Christmas ritual-A A +A
Saturday, October 12, 2013
THEY appear like clockwork.
By the first week of September, they’re camped out on the sidewalks of major thoroughfares. Whole families: fathers, mothers, sons and daughters. They eat there. They sleep there. And depending on the smell of the vicinity, they probably relieve themselves there, too.
They’re participating in the world’s longest celebration of the Christmas season.
They let their children wander naked to accost passersby for change. The children hurry and scurry and dart around pedestrian traffic, looking for easy prey. They zero in on women, young and old alike, perhaps banking on their maternal instincts. They then break into a Christmas ditty.
Sometimes they get lucky and receive a peso or two. Sometimes they get the “shoo.”
“Para palit pan, ma’m (sir),” is what the other children usually say, looking all forlorn, as they tag along their intended. When they realize they’re not getting a centavo, they cut their losses and move on to their next target.
As for the mothers, they make themselves conspicuous with their bellowing voices when they berate or scold their children, which is often. They’re quick to give a not-so-gentle slap to make a point. With a quick follow-up, for emphasis, I suppose.
They spend most of the day squatting on pieces of cardboard that they’ve turned into their temporary living room/dining room/bedroom/kitchen. And with a view to boot. At night, they huddle under blankets, their children on one side and their husbands on the other, seemingly unconcerned of what others might think.
As for the men, I only notice them at night next to their wives. Or having a bite to eat at dinner time. Very Rockwellian. Don’t know where they go, though, during the day.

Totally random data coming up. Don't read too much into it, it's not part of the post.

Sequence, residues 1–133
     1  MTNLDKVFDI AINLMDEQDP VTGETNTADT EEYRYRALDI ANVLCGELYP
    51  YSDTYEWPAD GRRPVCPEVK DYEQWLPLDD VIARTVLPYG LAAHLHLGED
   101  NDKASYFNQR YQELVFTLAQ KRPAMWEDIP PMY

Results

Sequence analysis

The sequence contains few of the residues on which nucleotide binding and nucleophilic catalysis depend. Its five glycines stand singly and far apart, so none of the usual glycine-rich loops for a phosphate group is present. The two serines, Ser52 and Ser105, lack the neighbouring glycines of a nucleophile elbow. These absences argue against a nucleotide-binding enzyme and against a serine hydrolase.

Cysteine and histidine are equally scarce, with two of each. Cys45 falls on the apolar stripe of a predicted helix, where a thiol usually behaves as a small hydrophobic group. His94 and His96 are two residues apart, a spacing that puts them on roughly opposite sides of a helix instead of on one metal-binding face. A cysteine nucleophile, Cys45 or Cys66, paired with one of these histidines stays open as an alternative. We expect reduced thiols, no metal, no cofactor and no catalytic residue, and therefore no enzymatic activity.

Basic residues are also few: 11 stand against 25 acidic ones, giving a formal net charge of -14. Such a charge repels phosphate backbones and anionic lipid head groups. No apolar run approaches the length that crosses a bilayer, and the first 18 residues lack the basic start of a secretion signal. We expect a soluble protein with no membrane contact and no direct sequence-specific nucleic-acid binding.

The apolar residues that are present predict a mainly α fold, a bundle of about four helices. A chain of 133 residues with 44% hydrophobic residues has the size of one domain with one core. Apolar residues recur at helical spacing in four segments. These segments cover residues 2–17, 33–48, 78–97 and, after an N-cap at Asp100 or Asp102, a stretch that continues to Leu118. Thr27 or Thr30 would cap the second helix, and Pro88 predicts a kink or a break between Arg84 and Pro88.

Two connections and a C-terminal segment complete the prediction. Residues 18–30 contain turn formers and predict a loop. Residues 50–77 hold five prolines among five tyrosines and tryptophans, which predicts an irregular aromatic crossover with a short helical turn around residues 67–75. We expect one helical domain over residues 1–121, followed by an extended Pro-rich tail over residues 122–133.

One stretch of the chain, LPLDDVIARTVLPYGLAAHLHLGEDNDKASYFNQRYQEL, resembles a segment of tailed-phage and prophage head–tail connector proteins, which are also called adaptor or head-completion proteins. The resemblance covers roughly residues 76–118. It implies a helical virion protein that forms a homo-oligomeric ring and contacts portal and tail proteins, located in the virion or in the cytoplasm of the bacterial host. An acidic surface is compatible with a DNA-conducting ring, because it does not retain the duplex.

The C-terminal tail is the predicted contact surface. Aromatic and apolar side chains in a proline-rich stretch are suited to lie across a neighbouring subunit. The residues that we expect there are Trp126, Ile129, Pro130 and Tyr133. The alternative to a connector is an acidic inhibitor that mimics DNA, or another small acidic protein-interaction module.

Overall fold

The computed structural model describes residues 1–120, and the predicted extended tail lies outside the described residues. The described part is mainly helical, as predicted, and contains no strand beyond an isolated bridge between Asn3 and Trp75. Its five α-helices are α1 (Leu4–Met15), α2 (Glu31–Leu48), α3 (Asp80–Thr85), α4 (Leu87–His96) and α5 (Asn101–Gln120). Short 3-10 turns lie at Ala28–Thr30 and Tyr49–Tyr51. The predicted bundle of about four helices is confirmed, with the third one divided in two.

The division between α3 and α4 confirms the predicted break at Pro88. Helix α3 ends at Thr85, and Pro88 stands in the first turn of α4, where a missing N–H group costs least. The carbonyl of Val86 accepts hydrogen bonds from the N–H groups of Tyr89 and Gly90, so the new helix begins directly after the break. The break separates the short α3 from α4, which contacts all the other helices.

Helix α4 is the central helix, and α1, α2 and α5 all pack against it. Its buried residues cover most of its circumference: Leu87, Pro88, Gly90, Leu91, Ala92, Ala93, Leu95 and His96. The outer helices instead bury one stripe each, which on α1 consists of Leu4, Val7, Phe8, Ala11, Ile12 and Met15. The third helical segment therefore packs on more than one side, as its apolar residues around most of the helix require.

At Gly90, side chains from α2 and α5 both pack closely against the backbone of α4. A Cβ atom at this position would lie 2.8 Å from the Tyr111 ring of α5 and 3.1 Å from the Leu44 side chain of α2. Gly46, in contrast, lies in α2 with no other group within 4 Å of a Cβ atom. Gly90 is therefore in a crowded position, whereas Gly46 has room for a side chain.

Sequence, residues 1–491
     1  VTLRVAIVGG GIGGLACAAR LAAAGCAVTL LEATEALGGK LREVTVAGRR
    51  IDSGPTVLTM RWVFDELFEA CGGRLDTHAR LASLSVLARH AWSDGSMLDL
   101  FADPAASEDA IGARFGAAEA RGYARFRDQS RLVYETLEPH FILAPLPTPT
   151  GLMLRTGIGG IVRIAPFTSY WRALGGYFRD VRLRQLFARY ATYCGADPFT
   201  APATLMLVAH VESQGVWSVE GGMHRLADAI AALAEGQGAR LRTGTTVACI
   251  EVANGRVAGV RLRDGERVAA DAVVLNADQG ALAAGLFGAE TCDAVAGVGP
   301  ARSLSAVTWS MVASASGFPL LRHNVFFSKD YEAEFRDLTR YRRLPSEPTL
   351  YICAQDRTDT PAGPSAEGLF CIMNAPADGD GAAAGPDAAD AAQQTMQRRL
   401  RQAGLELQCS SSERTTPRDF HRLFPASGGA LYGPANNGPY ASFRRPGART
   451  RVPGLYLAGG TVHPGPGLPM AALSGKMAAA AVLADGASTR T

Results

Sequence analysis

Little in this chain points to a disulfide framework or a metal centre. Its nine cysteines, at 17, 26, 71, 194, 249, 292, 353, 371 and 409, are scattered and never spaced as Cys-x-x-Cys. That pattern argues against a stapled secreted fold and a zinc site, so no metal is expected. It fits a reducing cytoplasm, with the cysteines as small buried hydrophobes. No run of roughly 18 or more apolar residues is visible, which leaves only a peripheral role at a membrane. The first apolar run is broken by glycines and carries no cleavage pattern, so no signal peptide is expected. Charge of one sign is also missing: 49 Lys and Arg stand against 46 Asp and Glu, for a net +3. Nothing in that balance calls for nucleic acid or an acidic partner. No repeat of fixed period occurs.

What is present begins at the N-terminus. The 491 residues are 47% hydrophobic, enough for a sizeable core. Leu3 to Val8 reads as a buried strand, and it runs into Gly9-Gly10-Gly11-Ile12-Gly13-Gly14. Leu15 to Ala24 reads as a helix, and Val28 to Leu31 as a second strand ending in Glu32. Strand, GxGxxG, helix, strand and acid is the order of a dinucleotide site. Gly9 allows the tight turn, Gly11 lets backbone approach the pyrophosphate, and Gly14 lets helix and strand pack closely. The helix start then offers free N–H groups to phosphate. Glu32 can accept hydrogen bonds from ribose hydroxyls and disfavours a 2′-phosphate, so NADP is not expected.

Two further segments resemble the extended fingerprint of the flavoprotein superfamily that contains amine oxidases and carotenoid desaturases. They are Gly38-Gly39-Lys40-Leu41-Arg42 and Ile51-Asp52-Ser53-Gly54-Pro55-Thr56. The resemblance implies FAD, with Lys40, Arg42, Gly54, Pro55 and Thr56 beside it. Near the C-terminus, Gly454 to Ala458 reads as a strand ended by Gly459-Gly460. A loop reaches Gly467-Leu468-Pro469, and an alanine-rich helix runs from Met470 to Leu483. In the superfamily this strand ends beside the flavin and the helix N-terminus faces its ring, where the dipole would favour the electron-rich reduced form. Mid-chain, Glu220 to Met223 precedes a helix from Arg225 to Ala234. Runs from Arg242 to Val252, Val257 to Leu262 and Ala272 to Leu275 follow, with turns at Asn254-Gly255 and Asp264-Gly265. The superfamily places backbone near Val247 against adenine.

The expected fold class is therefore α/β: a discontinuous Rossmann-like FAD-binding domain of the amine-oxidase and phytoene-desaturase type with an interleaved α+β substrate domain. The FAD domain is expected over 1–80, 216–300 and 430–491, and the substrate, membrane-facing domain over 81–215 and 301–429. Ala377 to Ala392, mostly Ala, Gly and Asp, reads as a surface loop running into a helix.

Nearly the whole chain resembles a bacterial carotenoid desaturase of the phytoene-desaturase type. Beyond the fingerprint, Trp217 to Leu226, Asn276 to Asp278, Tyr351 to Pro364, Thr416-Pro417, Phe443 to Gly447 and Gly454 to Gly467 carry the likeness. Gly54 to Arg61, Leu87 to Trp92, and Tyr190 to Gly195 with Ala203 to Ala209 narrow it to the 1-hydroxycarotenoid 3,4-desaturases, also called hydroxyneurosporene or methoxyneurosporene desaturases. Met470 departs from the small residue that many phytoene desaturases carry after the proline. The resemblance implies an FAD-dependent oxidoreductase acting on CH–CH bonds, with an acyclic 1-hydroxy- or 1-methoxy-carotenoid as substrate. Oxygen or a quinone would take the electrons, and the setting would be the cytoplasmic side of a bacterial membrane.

So I shake my head and mutter a “tsk,tsk,” ready to pass judgment, and brimming with moral ascendancy.
Then I’m reminded of the time I saw two boys on the skywalk near Fuente Osmeña. They were obviously siblings. They were on the landing of the stairway. The elder boy, who looked about four years old, was half-naked. He was cradling the younger boy, who looked about two. He was cajoling him to eat something out of a plastic. I didn’t see what it was. Maybe rice. Maybe vegetables. It was definitely food. Then the elder boy tickled the younger boy, who burst into a fit of the giggles.
There was a woman on P. del Rosario St. who was picking lice off a girl’s hair, her fingers gently combing through the girl’s tresses to separate strands. The silent bonding moment was only broken by inaudible words whenever the woman showed the girl a squished bug.
Then there was a man on Pelaez St. who was putting a shirt on a boy who might have been his son and then wiping the smudges on the boy’s face with his thumb.
Earlier in the week, the Cebu City Anti-Mendicancy Board sought the help of the Cebu City Police Office (CCPO) to rid the streets of carolers, especially children. The board also warned that it would go after parents who allow their children to carol (accent on the second syllable) or beg, adding that it might sue them for violating the Anti-Child Labor Law and the Anti-Child Abuse Law.
CCPO Director Noli Romana said he’d obliged and instruct his men to apprehend carolers, especially those who board public utility jeepeneys.
It’s a not-so-subtle reminder that the practice is also illegal under Cebu City Ordinance 1631, or the anti-mendicancy law.
As for me, when I see them on the sidewalks, I just walk past them. When I’m in a good mood, I drop a P5-coin into one of the solicitous hands.
When I’m having a bad day, then I curse and condemn.
Published in the Sun.Star Cebu newspaper on October 13, 2013.